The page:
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Beloved Duke's mayonnaise gets its own cookbook

Beloved Duke's mayonnaise gets its own cookbook


Here in the South, when cooks talk about pimento cheese and macaroni salad and similar mayonnaise-based foods, the discussion invariably comes around to everyone’s favorite brand of mayonnaise.

And the chances are good that the answer will be Duke’s, created in South Carolina by Eugenia Thomas Duke in 1917.

Well, now a cookbook celebrates that favorite Southern creation and the many ways it can be used in dishes from breakfast through dinner and dessert.

“The Duke’s Mayonnaise Cookbook: 75 Recipes Celebrating the Perfect Condiment” (Grand Central Publishing, $28) is by Ashley Strickland Freeman, a food writer and recipe developer based in Charleston who has contributed to more than 45 cookbooks as well as such magazines as Southern Living and Cooking Light.

In the book’s foreword, cookbook author Nathalie Dupree says, “Of course, I’m a Duke’s lover, too, like anyone who grew up in the South. In fact … most of us don’t think of Duke’s as just mayonnaise; we think of it as a unique spread that can enhance any sandwich.”

In fact, if you’re a Southerner and not a Duke’s fan, you may just want to keep that to yourself.

Of course, mayonnaise is more than just a sandwich spread. Fans of Duke’s or any mayonnaise already know what it can do for potato salad, deviled eggs and other familiar foods. But what makes this cookbook so interesting are the less familiar applications of mayonnaise: in biscuits, homemade pasta, chocolate cake and more.

Though Duke’s would seem a natural for a Southern cookbook, Freeman was inspired by her travels as well as her Southern home in creating these recipes. So along with Southern favorites, Freeman includes a French bourride (fish stew), Irish toffee pudding and Mexican elote (grilled street corn).

Mayonnaise is mostly oil, emulsified with the help of egg and an acid such as lemon juice. As such, it can help keep cakes and other baked goods moist, make cookies soft and tender, and more.

The book is divided into five chapters: Breakfast and Brunch, Lunch, Dinner, Sides and Snacks, and Desserts.

It includes many people’s favorite ways to use mayonnaise: in pimento cheese, coleslaw, pasta salad, chicken salad and buttermilk dressing.

Many of the recipes are for mayo-based sauces. Freeman offers creamy honey-balsamic drizzle for fried Brussels sprouts. Horseradish sauce accompanies cast-iron rib-eye steaks with mushrooms. She likes to serve a lemon-shallot tartar sauce with tarragon crab cakes. A creamy peanut-sauce accompanies the Thai-inspired turkey lettuce wraps.

But that’s just the beginning.

In the Breakfast and Brunch chapter, mayo and super-ripe bananas combine to make a super-moist bananas Foster bread, complete with a brown-butter rum glaze, and a little mayo goes into a flaky pie dough for a sun-dried tomato, goat cheese and spinach quiche.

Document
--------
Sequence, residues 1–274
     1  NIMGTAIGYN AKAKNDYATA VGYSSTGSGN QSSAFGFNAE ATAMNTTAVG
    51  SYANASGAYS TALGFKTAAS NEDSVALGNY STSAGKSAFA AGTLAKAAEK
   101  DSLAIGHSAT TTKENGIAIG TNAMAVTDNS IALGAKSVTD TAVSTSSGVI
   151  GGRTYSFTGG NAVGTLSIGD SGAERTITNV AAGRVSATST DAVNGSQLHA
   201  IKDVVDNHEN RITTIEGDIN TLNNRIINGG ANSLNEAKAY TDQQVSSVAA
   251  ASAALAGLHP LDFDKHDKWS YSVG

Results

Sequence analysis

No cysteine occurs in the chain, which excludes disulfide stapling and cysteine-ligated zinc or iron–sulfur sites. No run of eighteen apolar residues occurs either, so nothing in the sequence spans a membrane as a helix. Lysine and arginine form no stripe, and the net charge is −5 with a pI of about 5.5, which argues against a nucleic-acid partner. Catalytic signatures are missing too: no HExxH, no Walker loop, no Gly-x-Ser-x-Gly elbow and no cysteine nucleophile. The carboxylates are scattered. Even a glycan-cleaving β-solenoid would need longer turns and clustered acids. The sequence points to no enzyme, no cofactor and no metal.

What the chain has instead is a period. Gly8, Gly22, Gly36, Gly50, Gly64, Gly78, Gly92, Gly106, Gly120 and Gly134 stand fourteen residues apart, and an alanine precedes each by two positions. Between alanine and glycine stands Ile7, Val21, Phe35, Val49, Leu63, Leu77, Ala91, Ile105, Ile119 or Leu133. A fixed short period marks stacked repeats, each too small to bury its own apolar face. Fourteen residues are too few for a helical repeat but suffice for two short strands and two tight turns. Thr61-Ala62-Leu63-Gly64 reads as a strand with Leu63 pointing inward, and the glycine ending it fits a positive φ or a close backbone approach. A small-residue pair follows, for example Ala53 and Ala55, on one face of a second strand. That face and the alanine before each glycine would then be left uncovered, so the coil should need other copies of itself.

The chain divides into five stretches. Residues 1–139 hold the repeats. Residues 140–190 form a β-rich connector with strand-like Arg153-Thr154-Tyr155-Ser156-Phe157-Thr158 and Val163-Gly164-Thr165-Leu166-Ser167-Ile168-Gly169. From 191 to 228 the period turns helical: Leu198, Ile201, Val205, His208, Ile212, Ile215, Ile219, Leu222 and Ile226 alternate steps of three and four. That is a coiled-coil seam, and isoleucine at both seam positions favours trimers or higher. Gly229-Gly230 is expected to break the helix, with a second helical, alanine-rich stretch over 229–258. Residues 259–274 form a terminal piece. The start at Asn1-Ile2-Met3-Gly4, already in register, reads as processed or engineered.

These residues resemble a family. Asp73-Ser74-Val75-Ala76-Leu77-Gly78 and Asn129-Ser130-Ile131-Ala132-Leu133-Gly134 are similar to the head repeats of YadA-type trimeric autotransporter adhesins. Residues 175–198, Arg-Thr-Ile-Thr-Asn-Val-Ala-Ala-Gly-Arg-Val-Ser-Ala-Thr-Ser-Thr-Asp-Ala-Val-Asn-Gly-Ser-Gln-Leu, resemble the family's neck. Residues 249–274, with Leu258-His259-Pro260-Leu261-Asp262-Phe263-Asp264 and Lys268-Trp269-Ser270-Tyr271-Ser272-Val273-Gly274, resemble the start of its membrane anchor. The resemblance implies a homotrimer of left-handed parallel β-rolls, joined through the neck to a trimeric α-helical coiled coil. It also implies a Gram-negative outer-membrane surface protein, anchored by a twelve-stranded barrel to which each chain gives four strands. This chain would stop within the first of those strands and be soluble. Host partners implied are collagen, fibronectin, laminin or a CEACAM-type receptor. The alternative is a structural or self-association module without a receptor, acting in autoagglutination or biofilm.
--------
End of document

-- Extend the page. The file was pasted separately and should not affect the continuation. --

Freeman also shares a trick from Food Network host Alton Brown of whisking mayo into eggs before scrambling to make them creamy and fluffy.

For lunch, Freeman uses mayo to make a perfectly crusted grilled-cheese sandwich. She also uses mayo in green-tomato pie, mixed with ground beef in burgers, and used in the Creole remoulade for oyster po’ boys.

For dinner, mayo goes into a Dijon marinade for pork chops, a coating for chicken Parmesan and the mashed potatoes that top cottage pie.

Among the sides and snacks are loaded twice-baked potatoes; grilled okra with tomato aioli; and smoked gouda, cheddar and Parmesan mac ’n’ cheese.

In the dessert chapter, mayo subs for butter in chocolate-chip cookies, thumbprint cookies and peppermint fudge brownies. It moistens the batters of gingerbread Bundt cake, strawberry-rhubarb layer cake and key lime pound cakes.

It helps make a flaky dough for apple pie and egg custard tarts.

Mayo holds together the oatmeal topping to blackberry and peach crisp and the macadamia crust for a coconut crème meringue tart.

Interspersed among the recipes are testimonials to Duke’s from many a Southern chef and cookbook author, including Virginia Willis, Vivian Howard, Sheri Castle, Katie Button and John Fleer.

Carla Hall calls Duke’s “the quintessential Southern condiment because it’s the perfect balance of sweet, tangy and creamy.”

Fleer confesses he doesn’t eat much mayonnaise these days, except for this time of year, and then it’s Duke’s for sure that goes on his tomato sandwiches.

In fact, many a Duke’s fan will tell you that a tomato sandwich is the ultimate expression of why Duke’s is so good.

As Fleer says, he refers to July and August as “Duke’s season.”

Recipe from “The Duke’s Mayonnaise Cookbook”

(Grand Central Publishing)

Recipe from “The Duke’s Mayonnaise Cookbook”

(Grand Central Publishing)

Recipe from “The Duke’s Mayonnaise Cookbook”

(Grand Central Publishing)

Recipe from “The Duke’s Mayonnaise Cookbook”

(Grand Central Publishing)


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